The Bank of England (BoE) has appointed a "Brexit coordinator" whose responsibilities will include trying to ensure the UK's huge financial sector isn't too unduly affected by leaving the European Union following the vote to leave the bloc on 23 June, 2016.

Phil Evans, who previously worked as the BoE's international director, has now been appointed director for financial policy within the Prudential Policy Directorate. According to Evans' LinkedIn page. he has also worked for the European Commission on secondment.

He was also one of the bank's top officials who received the report on the potential impact if the UK left the EU in 2015, which was leaked to a newspaper, reports Reuters.

In his new role Evans will report to Victoria Saporta, who according to Bloomberg has been promoted to Executive Director for Prudential Policy. She will report to deputy governor for financial stability Jon Cunliffe and deputy governor for prudential regulation Sam Woods. New Zealander Woods is also chief executive officer of banking supervisor the Prudential Regulation Authority.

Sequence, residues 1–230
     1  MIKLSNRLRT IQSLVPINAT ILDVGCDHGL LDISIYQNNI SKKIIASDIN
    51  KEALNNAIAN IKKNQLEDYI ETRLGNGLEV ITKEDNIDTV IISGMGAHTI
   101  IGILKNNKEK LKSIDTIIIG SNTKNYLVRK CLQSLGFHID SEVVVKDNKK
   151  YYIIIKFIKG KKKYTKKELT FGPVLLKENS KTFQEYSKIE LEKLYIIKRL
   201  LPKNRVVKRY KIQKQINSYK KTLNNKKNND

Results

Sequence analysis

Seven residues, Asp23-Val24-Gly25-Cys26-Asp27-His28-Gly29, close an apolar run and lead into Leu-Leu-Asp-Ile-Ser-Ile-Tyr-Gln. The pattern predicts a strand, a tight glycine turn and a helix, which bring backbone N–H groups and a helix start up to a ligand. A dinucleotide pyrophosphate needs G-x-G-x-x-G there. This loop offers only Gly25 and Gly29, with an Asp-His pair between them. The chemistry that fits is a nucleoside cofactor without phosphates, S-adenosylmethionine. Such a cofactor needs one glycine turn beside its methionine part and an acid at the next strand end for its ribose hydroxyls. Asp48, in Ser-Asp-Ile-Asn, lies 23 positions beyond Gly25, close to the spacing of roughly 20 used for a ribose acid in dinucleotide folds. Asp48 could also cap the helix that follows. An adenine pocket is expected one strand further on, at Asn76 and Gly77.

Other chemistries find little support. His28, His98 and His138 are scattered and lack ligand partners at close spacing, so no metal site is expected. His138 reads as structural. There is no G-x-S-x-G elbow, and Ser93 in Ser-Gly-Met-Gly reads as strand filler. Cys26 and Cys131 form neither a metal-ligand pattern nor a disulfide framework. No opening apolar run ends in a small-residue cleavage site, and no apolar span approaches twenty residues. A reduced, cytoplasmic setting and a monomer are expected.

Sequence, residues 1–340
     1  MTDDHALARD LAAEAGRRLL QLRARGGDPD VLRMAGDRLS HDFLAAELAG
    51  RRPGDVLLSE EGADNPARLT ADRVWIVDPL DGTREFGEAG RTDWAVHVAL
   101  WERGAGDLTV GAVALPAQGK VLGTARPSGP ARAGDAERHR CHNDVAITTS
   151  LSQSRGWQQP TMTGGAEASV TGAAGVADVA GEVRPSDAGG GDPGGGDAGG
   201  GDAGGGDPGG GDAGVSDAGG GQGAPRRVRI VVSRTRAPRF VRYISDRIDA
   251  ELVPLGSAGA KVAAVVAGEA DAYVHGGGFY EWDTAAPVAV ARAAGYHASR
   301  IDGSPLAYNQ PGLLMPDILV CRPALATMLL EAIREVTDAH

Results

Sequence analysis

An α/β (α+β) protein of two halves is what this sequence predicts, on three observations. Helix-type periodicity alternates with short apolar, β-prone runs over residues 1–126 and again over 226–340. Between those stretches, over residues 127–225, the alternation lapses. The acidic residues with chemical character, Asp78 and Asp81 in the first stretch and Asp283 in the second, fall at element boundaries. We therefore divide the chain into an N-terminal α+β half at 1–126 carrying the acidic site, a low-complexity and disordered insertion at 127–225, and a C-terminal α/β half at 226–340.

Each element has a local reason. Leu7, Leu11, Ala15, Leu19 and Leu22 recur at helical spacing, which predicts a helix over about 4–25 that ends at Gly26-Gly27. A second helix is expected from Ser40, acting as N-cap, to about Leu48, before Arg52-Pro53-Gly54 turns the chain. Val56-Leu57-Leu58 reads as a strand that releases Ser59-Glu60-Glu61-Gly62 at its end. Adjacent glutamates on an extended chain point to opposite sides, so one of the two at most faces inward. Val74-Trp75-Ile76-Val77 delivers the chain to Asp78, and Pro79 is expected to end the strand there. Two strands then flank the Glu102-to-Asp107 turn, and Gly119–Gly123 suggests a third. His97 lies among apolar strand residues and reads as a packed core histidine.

BoE governor Mark Carney has admitted the economy has fared better than expected in the early days following Brexit. Prior to the EU referendum he had warned Brexit would be a disaster for the economy. He credits the swift actions of the BoE for averting an economic crisis, which included cutting interest rates to 0.25%, stimulating house-building and the economy.

On Thursday (15 September) Carney will, along with other BoE figures, set interest rates, widely predicted to remain at 0.25 per cent.

However the banking community remains nervous about the longer term impact of Brexit, which could affect how the UK does business with other countries in the EU. The sector accounts for around 10% of the UK's total economic output so Evans has an essential role in what will almost certainly turn out to be the long and protracted negotiations ahead.

Waterproof money
Bank of England governor Mark Carney poses with a new polymer five pound note at Whitecross Street Market in London Stefan Wermuth/ Reuters